Risk prediction for renal cell carcinoma: results from the European Prospective Investigation into Cancer and Nutrition (EPIC) prospective cohort study

Research output: Contribution to journal/Conference contribution in journal/Contribution to newspaperJournal articleResearchpeer-review

  • Rosie K Singleton, Imperial College, United Kingdom
  • Alicia K Heath, Imperial College, United Kingdom
  • Joanna L Clasen, Imperial College, United Kingdom
  • Ghislaine Scelo, Unit of Cancer Epidemiology, Department of Medical Sciences, University of Turin, Turin, Italy., Italy
  • Mattias Johannson, WHO International Agency for Research on Cancer, France
  • Florence Le Calvez-Kelm, WHO International Agency for Research on Cancer, France
  • Elisabete Weiderpass, WHO International Agency for Research on Cancer, France
  • Fredrik Liedberg, Institution of Translational Medicine, Sweden
  • Borje Ljungberg, Department of Surgical and Perioperative Sciences, Umeå University, Umeå, Sweden., Sweden
  • Justin Harbs, Umeå University, Department of Radiation Sciences, Sweden
  • Anja Olsen
  • Anne Tjonneland, Diet, Genes and Environment, Danish Cancer Society Research Centre, Department of Public Health, University of Copenhagen, 1123, Copenhagen, Denmark., Denmark
  • Christina C Dahm
  • Rudolf Kaaks, Division of Cancer Epidemiology, German Cancer Research Center, DKFZ, Heidelberg, Germany., Germany
  • Renée Turzanski Fortner, Division of Cancer Epidemiology, German Cancer Research Center, DKFZ, Heidelberg, Germany., Germany
  • Salvatore Panico, Department of Clinical Medicine and Surgery, Unit of Clinical Epidemiology and Predictive Medicine, Federico II University, Italy
  • Giovanna Tagliabue, Lombardy Cancer Registry Unit, Fondazione IRCCS Istituto Nazionale dei Tumori di Milano, Milan, Italy
  • Giovanna Masala, Institute for Cancer Research, Italy
  • Rosario Tumino, Cancer Registry and Histopathology Unit, Azienda Sanitaria Provinciale 7, Ragusa, Italy., Italy
  • Fulvio Ricceri, Department of Clinical and Biological Sciences, University of Turin, Orbassano, Turin, Unit of Epidemiology, Regional Health Service ASL TO3, Grugliasco (TO), Italy., Italy
  • Inger T Gram, University of Tromsø, Tromsø, Norway
  • Carmen Santiuste, Department of Epidemiology, Murcia Regional Health Council, IMIB-Arrixaca, Murcia, Spain., CIBER Epidemiología y Salud Pública (CIBERESP), Spain., Spain
  • Catalina Bonet, Unit of Nutrition, Environment and Cancer, Cancer Epidemiology Research Programme, Catalan Institute of Oncology, Barcelona, Spain., Spain
  • Miguel Rodríguez-Barranco, Biosanitary Investigation Institute (IBS) of Granada, University Hospital and University of Granada, Granada, Spain., Escuela Andaluza de Salud Pública (EASP), Granada, Consorcio Centro de Investigación Biomédica en Red Epidemiología y Salud Pública (CIBERESP), Madrid, Spain., Spain
  • Matthias B Schulze, Department of Molecular Epidemiology, German Institute of Human Nutrition Potsdam-Rehbruecke (DIfE), Nuthetal, 14558, Germany., Institute of Nutrition Science, University of Potsdam, Nuthetal, Germany., Germany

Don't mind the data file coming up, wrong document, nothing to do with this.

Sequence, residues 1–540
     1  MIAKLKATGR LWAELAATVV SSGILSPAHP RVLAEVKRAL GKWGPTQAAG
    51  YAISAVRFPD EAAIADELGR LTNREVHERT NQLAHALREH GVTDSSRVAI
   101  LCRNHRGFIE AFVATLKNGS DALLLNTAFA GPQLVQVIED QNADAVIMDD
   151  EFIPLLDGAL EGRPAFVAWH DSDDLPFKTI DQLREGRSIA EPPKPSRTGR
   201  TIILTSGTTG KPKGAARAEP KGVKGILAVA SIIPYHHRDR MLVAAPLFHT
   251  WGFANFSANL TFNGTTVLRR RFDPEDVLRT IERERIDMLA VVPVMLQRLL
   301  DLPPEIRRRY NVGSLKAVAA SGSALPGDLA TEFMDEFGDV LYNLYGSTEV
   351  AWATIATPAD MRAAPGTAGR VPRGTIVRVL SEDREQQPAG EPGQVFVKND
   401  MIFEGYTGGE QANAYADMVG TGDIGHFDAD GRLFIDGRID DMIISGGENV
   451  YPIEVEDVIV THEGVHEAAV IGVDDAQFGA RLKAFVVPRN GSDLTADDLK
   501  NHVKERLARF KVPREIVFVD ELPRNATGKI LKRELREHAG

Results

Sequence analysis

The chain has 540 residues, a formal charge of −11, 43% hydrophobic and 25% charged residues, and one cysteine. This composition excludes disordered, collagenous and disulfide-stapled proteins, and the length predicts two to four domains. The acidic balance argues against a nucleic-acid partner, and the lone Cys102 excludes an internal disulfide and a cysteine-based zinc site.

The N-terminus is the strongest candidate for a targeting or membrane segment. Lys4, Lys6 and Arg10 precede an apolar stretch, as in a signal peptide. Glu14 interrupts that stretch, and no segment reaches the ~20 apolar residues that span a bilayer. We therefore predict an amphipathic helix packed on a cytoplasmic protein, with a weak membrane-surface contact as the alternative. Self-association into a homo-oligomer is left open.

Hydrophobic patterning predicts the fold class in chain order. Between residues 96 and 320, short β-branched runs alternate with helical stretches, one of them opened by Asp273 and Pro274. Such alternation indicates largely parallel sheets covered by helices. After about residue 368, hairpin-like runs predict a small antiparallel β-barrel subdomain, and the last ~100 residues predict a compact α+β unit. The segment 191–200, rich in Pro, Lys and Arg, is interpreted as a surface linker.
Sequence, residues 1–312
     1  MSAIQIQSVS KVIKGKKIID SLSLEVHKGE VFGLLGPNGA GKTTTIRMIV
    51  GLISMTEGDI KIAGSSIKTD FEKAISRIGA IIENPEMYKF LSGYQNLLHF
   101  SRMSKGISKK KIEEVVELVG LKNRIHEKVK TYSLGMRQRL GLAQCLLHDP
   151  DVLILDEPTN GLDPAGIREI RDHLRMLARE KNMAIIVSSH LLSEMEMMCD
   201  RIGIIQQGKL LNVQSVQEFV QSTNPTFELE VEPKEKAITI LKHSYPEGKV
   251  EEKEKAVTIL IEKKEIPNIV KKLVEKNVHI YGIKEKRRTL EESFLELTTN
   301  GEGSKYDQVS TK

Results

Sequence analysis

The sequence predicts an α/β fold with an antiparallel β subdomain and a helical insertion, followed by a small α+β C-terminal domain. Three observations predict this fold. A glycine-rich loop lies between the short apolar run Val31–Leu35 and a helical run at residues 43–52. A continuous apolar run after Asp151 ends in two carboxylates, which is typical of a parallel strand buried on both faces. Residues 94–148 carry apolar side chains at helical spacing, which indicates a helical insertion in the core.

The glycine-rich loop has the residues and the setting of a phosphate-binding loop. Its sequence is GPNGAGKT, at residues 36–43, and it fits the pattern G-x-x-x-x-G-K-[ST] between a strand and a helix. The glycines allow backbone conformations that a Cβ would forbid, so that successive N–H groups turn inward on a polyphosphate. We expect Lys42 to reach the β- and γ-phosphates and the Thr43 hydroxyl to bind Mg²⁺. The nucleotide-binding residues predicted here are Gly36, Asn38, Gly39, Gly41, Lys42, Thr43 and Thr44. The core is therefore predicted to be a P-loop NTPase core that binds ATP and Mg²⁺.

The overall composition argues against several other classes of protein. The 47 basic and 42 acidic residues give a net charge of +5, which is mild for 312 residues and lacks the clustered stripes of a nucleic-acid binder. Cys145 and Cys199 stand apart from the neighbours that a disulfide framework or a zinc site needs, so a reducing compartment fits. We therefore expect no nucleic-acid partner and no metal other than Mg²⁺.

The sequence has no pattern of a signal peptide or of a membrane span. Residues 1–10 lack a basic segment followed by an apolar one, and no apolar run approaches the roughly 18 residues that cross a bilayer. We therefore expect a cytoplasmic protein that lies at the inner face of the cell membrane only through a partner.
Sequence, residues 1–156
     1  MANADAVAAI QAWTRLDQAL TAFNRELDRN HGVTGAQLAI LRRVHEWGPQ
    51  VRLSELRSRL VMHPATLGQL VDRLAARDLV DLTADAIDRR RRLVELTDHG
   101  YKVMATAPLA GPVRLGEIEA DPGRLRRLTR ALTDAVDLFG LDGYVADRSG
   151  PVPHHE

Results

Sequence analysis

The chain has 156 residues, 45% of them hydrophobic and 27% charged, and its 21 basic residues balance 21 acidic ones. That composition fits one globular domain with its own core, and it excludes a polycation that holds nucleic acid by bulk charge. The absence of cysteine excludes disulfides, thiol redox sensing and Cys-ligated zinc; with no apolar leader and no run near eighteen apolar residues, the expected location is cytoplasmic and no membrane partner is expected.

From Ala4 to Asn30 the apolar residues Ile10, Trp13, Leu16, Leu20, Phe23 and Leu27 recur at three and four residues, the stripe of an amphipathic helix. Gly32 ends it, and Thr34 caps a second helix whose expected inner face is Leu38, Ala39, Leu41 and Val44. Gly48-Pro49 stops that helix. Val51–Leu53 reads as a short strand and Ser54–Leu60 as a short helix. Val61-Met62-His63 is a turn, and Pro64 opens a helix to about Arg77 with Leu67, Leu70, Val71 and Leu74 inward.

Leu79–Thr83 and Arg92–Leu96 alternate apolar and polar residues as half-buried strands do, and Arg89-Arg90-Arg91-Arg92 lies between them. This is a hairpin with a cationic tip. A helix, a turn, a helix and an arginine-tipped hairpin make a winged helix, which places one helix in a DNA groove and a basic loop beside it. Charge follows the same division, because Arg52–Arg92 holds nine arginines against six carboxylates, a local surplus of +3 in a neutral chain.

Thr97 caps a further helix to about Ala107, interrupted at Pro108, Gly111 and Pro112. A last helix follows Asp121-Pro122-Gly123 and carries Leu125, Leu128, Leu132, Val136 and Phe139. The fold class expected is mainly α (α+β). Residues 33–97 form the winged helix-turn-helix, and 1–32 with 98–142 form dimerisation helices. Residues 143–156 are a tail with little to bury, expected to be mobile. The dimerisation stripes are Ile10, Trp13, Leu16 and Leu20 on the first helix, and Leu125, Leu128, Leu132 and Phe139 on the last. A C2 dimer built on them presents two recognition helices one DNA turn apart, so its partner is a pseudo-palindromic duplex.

• Manuela M Bergmann, Department of Molecular Epidemiology, German Institute of Human Nutrition Potsdam-Rehbrücke (DIfE), Nuthetal, Germany., Germany
  • Ruth C Travis, Nuffield Department of Population Health, University of Oxford, Oxford, UK., United Kingdom
  • Ioanna Tzoulaki, Imperial College, MRC-PHE Centre for Environment and Health, Dept of Epidemiology and Biostatistics, School of Public Health, Imperial College, London, United Kingdom., University of Ioannina Medical School, Ioannina, United Kingdom
  • Elio Riboli, Imperial College, United Kingdom
  • David C Muller, Imperial College, United Kingdom

BACKGROUND: Early detection of renal cell carcinoma (RCC) has the potential to improve disease outcomes. No screening programme for sporadic RCC is in place. Given relatively low incidence, screening would need to focus on people at high risk of clinically meaningful disease so as to limit overdiagnosis and screen-detected false-positives.

METHODS: Among 192,172 participants from the EPIC cohort (including 588 incident RCC cases), we evaluated a published RCC risk prediction model (including age, sex, BMI, and smoking status) in terms of discrimination (C-statistic) and calibration (observed probability as a function of predicted probability. We used a flexible parametric survival model to develop an expanded model including age, sex, BMI, and smoking status, with the addition of self-reported history of hypertension and measured blood pressure.

RESULTS: The previously published model yielded well-calibrated probabilities and good discrimination (C-statistic [95% CI]: 0.699 [0.679, 0.721]). Our model had slightly improved discrimination (0.714 [0.694, 0.735], bootstrap optimism-corrected C-statistic: 0.709). Despite this good performance, predicted risk was low for the vast majority of participants, with 70% of participants having 10 year risk less than 0.0025.

CONCLUSIONS: Although the models performed well for the prediction of incident RCC, they are currently insufficiently powerful to identify individuals at substantial risk of RCC in a general population.

IMPACT: Despite the promising performance of the EPIC RCC risk prediction model, further development of the model, possibly including biomarkers of risk, is required to enable risk-stratification of RCC.

Original languageEnglish
JournalCancer Epidemiology, Biomarkers & Prevention
Pages (from-to)507-512
Number of pages6
Publication statusPublished - Mar 2021

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ID: 207043703